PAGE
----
Frames that Speak: An Introduction to Cartographic Cartouches
The decorative frames, or cartouches, on maps were an important cartographic design element from the fifteenth to the nineteenth century, and continue to be used on twenty-first century maps. Although cartouches are one of the most visually engaging elements on maps, and despite the fact that it is often through the decoration of the cartouche that the cartographer speaks most directly to the viewer, revealing his or her interests or prejudices, there is no detailed study of them, no discussion of their earliest history or development, and no attempt to interpret the symbolism of a large number of them together. This lecture will present the early history and development of cartouches, examine some of their sources, and explain the symbolism of several remarkable cartouches in detail.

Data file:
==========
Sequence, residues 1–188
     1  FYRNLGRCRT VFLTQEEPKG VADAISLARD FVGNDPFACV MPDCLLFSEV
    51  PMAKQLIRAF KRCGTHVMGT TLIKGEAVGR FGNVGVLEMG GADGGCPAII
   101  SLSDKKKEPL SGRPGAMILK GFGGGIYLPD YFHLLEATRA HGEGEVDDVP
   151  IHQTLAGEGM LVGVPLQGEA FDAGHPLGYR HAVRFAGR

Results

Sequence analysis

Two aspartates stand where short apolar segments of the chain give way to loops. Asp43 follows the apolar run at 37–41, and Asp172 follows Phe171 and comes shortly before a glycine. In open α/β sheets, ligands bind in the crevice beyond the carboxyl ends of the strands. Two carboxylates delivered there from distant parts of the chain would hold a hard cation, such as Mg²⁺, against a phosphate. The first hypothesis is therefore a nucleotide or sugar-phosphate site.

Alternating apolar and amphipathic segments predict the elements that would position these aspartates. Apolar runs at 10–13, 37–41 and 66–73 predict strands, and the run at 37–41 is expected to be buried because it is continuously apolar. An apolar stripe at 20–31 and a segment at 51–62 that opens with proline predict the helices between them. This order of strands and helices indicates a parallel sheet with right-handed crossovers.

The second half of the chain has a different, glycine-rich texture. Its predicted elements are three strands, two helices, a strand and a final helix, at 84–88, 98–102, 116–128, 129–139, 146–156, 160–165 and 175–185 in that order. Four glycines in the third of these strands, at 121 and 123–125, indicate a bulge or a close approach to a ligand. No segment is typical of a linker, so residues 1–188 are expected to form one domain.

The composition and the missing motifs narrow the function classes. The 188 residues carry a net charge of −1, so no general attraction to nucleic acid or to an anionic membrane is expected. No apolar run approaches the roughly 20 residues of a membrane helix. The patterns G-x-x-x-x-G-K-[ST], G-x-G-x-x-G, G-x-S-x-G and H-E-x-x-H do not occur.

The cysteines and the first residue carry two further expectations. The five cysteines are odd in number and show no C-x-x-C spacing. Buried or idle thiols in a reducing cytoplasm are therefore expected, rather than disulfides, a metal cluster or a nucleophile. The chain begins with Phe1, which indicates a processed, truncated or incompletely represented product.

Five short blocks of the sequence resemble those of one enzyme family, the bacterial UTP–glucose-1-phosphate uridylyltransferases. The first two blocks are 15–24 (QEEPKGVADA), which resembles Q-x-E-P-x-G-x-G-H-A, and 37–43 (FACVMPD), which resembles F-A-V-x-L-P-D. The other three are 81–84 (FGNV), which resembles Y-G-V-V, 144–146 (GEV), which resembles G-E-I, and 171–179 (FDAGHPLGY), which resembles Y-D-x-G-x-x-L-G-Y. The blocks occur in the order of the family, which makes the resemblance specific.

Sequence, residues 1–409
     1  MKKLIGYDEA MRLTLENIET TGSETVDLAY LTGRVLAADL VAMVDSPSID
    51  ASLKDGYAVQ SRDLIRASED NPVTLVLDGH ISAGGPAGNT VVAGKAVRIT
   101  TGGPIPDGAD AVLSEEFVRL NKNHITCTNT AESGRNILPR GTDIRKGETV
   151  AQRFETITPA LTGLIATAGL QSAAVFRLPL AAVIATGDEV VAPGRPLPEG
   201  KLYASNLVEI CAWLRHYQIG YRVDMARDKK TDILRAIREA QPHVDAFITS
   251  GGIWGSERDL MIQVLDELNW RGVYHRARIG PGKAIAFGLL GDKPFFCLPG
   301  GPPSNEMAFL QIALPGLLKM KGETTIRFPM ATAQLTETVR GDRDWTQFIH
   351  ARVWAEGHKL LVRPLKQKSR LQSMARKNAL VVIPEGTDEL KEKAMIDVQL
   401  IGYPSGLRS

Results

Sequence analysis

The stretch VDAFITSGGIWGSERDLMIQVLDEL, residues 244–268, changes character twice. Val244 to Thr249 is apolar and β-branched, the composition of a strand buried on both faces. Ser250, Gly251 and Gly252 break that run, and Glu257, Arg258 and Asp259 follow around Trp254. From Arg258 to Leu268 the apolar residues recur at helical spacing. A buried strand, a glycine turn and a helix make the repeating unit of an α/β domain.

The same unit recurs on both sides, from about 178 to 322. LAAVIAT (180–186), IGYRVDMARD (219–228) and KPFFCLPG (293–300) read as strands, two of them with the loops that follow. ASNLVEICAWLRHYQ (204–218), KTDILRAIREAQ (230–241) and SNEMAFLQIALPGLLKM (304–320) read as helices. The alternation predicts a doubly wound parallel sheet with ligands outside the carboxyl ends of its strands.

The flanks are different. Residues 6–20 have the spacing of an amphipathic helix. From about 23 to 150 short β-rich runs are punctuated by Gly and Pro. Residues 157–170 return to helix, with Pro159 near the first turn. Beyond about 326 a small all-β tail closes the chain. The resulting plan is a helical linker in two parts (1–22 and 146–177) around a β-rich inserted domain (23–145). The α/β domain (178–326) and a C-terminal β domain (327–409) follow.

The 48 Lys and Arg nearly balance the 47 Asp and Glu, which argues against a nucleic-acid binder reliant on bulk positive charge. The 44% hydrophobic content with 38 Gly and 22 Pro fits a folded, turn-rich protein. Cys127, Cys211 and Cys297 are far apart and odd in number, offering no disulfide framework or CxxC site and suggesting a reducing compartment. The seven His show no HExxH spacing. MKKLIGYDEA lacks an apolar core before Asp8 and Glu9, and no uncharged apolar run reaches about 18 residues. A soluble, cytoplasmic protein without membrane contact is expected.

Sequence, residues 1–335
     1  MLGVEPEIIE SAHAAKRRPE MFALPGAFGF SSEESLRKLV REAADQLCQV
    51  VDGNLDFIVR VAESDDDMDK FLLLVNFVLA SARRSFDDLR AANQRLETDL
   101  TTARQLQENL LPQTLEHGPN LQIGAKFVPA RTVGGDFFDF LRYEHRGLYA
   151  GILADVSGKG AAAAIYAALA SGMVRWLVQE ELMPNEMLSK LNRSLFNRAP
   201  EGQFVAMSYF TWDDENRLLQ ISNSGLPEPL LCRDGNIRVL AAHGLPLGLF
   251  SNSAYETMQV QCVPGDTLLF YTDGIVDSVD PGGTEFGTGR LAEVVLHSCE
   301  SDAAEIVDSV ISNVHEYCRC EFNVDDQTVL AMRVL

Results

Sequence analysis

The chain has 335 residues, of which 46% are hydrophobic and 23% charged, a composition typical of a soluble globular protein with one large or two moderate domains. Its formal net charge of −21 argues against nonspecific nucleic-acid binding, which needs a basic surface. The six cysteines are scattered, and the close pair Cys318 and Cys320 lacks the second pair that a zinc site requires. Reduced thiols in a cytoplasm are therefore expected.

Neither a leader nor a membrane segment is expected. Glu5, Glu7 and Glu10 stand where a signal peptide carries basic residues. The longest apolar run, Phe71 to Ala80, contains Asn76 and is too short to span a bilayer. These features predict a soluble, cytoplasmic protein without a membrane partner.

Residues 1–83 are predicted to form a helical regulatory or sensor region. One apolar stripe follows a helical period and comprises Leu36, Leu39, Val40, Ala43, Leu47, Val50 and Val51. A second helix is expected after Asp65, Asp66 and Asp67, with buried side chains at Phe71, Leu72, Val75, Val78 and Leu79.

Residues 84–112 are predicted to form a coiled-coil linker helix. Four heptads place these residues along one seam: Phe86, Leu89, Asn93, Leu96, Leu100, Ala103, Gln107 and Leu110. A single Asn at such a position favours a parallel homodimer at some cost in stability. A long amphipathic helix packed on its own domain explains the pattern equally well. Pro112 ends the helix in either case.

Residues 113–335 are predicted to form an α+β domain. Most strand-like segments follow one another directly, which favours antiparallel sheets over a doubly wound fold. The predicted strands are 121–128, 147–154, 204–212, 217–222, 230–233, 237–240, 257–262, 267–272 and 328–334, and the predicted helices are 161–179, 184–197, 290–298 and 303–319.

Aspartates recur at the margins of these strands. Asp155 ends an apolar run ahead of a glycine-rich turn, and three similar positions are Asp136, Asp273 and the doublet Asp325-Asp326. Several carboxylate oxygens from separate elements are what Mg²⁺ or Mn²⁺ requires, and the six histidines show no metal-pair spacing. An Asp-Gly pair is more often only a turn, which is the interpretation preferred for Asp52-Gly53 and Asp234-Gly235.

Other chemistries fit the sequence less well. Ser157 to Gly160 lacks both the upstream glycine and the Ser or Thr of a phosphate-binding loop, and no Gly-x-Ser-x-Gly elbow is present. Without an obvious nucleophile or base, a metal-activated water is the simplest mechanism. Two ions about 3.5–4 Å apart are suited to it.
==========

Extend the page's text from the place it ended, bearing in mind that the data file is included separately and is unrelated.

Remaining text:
Chet Van Duzer is a Researcher in Residence at the John Carter Brown Library and a board member of the Lazarus Project at the University of Rochester, which brings multispectral imaging to cultural institutions around the world. He has published extensively on medieval and Renaissance maps. In 2018 Springer published his book Henricus Martellus’s World Map at Yale (c. 1491): Multispectral Imaging, Sources, and Influence, and Springer has also just published his book Martin Waldseemüller’s Carta marina of 1516: Study and Transcription of the Long Legends Martin Waldseemüller’s Carta marina of 1516: Study and Transcription of the Long Legends. He recently completed a David Rumsey Research Fellowship at Stanford and the John Carter Brown Library studying Urbano Monte’s manuscript world map of 1587. His current project is a book about cartographic cartouches.